The Isolated Homeschooler
I originally posted this on Life Without School but wanted to save it here as well. I hope that you don't mind reading it again if you have already seen it!
The Isolated Homeschooler
One of the more common arguments against homeschooling is that it "isolates" kids. That somehow kids, if not in school, will never be exposed to the world at large. That homeschoolers sit at home all day with no interaction with anyone outside their family.
I have found quite the opposite has been true for us. School can become a crutch – you don't need to look beyond it because all your kids' social or academic opportunities are provided for. But I do not want to be limited by what the school can provide. Homeschooling, for me, has led to a greater involvement in my community precisely because I do not have the school to depend on to meet the needs of my kids. I can not just sit back and let the school provide everything; I need to stay active and engaged in my kids' lives.
Because we are not in school we have more time to explore our community. I am constantly looking for new activities through our county recreation centers, local YMCA and other neighborhood centers. I search out new parks to explore. I network with other homeschoolers to find interesting activities. I have been amazed at the variety of opportunities that come across my local homeschooling email lists – special events at museums, storytelling evenings at a local community center, music shows, fascinating websites – all things that I would not have been looking for had my kids been in school.
Homeschoolers are also extremely good at creating what they need – be it foreign language classes, park days, co-ops, or yu-gi-oh clubs. We live by the motto "Build it and they will come". And they do! Local businesses and organizations are happy to offer classes during their typically slow times during "school hours". Many people are very willing to share their expertise if just asked. And it is amazing what a group of motivated homeschool moms can accomplish together. I sometimes wish that there were not as many great opportunities as it is very easy to get overscheduled! Socialization is not a concern here by any measure.
The homeschooling community is a very welcoming one. When a new homeschooler moves into a new state or city, all they need to do is find the local homeschool email list or support group to get advice about the new laws or places to live. They can also get hooked into the local activities before moving. When we were going to spend the entire summer in Ocean City, Maryland this past year, I joined a few email lists and made connections with some local homeschoolers. The boys made some very good friends and we had a wonderful summer and are looking forward to going back this year. These summer connections led to our finding out about a Maryland homeschool camp this spring where we had an incredible time. The group we camped with has exciting activities that we are now hoping to take advantage of such as star gazing evenings (they are far enough out that light pollution is not the issue it is where we are). We have now broadened our community from not only Virginia, but to several parts of Maryland as well. And best yet, these connections are based on common interests and friendship rather then on our zip code and school zone.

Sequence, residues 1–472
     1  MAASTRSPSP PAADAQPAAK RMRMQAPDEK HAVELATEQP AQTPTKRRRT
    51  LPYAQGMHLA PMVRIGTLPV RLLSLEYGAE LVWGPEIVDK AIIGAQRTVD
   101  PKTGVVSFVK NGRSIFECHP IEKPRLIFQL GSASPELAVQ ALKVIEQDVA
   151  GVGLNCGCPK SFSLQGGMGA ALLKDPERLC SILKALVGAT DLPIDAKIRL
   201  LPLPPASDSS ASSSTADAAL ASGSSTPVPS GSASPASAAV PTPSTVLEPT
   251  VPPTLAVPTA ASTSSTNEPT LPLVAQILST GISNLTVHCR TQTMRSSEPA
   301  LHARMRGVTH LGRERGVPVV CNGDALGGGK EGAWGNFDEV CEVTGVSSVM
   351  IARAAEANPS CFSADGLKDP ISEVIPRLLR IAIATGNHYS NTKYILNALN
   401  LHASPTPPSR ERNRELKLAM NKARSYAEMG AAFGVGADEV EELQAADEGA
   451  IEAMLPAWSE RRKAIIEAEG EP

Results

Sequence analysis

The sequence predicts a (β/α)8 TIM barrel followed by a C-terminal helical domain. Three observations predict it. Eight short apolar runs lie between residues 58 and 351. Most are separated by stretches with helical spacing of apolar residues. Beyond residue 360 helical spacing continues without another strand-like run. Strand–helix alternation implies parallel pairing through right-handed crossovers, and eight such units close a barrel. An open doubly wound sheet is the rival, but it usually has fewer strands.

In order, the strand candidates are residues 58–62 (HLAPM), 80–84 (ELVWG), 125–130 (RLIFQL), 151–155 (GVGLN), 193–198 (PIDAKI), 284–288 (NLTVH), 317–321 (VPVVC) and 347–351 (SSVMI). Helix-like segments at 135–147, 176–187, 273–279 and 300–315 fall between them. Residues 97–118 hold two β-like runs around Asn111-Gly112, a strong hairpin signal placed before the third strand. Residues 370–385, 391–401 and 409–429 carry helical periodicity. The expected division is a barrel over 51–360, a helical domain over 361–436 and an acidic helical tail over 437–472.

Homeschooling has also led me to be more active politically. I am a member of my inclusive, statewide homeschool organization that helps monitor homeschooling legislation. As I have learned more about how the process works, I have been empowered to take a more active role in other political causes about which I feel strongly.
Are all homeschoolers as active and involved in their community? No. Some live in areas that do not have as many opportunities or some choose to not be involved. But attendance in school does not guarantee community involvement either. Some families are able to remain isolated even when their kids are in school. There is no guarantee. Are there parents of school kids who actively look for interesting opportunities outside of school? Yes, of course. But after four years of homeschooling, I honestly believe that I am much more connected to my community and the world at large then I would have been had my kids been in school. I have had to be and I would not have it any other way.